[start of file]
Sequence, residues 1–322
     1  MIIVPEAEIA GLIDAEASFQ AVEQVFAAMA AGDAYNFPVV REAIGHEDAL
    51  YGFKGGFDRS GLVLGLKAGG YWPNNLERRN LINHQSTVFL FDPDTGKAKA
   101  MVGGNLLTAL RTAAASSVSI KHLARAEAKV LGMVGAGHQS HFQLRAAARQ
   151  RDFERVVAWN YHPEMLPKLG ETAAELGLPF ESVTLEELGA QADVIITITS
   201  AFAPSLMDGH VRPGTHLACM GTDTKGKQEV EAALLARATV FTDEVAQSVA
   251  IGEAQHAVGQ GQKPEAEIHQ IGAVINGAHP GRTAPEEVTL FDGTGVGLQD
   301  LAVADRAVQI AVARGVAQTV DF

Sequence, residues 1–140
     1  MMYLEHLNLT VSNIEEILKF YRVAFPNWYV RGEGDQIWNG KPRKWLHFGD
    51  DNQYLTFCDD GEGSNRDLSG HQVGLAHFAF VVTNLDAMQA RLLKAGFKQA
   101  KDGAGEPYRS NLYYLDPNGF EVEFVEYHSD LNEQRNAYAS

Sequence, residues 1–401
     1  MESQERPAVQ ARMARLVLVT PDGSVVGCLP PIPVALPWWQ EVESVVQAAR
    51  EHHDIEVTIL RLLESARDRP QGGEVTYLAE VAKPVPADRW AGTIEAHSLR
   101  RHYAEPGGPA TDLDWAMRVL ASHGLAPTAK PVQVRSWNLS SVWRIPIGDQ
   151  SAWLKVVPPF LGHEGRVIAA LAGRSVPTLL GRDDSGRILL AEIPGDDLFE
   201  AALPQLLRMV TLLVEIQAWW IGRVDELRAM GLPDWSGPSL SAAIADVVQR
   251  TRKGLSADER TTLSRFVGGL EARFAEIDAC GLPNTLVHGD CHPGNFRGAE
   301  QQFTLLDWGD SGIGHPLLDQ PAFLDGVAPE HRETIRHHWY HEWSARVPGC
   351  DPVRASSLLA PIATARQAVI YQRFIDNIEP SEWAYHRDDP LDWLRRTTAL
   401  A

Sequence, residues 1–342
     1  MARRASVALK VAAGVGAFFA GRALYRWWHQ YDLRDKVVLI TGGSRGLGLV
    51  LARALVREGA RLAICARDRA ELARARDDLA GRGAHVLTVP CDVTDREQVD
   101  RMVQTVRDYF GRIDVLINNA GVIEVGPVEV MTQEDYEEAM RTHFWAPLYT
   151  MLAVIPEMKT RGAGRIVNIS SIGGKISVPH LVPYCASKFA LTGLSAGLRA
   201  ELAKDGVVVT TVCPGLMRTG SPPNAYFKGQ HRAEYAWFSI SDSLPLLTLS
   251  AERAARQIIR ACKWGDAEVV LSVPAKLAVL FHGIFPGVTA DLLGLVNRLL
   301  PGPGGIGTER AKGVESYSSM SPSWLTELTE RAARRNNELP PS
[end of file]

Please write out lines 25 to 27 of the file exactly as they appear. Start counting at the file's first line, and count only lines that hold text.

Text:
    51  LARALVREGA RLAICARDRA ELARARDDLA GRGAHVLTVP CDVTDREQVD
   101  RMVQTVRDYF GRIDVLINNA GVIEVGPVEV MTQEDYEEAM RTHFWAPLYT
   151  MLAVIPEMKT RGAGRIVNIS SIGGKISVPH LVPYCASKFA LTGLSAGLRA